I feel bad for St. Andrew. He’s kind of like the B-side of the record.
In the lore of the church, not much is known about Andrew other than he was the brother of St. Peter…about whom much is known.
Imagine being known only in relation to your sibling to whom you’re always being compared. I imagine some of you don’t have to imagine too hard…this happens. Lots of people live in the long shadow of someone else.
But St. Andrew gets a bit of the historical last laugh. His feast day, November 30th, is the day by which the church sets the Advent calendar every year: the Sunday that falls closest to St. Andrew’s day is always the first Sunday of Advent.
Author and erstwhile theologian, Frank Schaeffer knows a bit about growing up in a long shadow. His fundamentalist pastor of a father, going by the same name, was a leading crusader in the early movement of the Religious Right. The younger Schaeffer has spent a lifetime coming to terms with that heritage, rejecting it, and finding his own voice.
Stumbling headlong into a kind of atheism (or, perhaps, “a/theism” as metaphysicist Peter Rollins would say), Schaeffer has been a prolific writer and voice in a kind of “in-between-belief” system that walks the fine line of faith and doubt. His book, _Why I Am An Atheist Who Believes in God_ is a wonderful reflection on the struggle to make sense of life in the shadow of religion.
“A/theism,” by the way, is a term coined by philosopher Peter Rollins to describe someone who believes in God but isn’t sure quite *what* to believe about God. They question what they’ve been taught about the Divine.
Advent is a season where we get to dip our toe into a bit of a/theism, a bit of “not-yet” when it comes to Divine promises being fulfilled and the whole notion of certainty.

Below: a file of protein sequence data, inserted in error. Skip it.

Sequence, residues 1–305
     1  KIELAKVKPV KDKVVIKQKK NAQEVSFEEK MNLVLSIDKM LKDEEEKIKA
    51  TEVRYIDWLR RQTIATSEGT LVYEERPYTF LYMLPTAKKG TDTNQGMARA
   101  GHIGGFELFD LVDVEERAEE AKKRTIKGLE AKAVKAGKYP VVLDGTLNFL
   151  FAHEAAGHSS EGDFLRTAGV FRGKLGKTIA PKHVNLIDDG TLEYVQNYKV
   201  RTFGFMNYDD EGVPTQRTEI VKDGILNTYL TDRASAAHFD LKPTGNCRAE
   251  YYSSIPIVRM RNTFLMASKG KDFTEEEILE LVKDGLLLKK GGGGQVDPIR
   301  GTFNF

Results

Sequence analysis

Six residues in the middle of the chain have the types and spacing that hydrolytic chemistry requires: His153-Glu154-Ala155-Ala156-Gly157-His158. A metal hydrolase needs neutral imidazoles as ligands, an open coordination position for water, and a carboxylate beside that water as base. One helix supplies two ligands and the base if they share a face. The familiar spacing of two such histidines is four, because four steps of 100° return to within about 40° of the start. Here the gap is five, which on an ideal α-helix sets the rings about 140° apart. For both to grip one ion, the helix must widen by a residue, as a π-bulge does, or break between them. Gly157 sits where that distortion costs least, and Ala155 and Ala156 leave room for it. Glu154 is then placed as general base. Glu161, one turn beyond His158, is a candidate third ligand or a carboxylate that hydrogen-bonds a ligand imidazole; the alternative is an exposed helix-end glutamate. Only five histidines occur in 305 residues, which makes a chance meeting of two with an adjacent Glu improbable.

Advent, with it’s focus on “hope,” is about not being certain, after all.
Advent is about clinging to bits and pieces of hope when there aren’t many to be found, repeating the promises of old again and again until you start to believe them, by God.
I wonder if St. Andrew believed them, in all honesty. We know Peter doubted…but Andrew? He’s historically silent on the matter, except to say that he gets to usher us into this season of candle-lit waiting, wondering, and uncertainty.
Artist Joshua Radin’s hauntingly beautiful “Winter” kind of embodies the feeling of lostness and longing that St. Andrew’s day fills me with. Radin’s notion of a “name like a splinter” being lodged in his being is evocative of this wrestling with faith and straddling the line of belief and doubt.
Could God’s name be a splinter in us that is hard to get rid of? Is this why we’re continually drawn back to matters of the spirit and the heart?
Add the song to your Advent playlist, and ponder along with St. Andrew, with Schaeffer, with Radin, and with me.
Tim, this was great, especially during a period in which my major response has been “meh” about Scripture and the Churh. Thanks.
Thanks, Deb. Blessed Advent to you!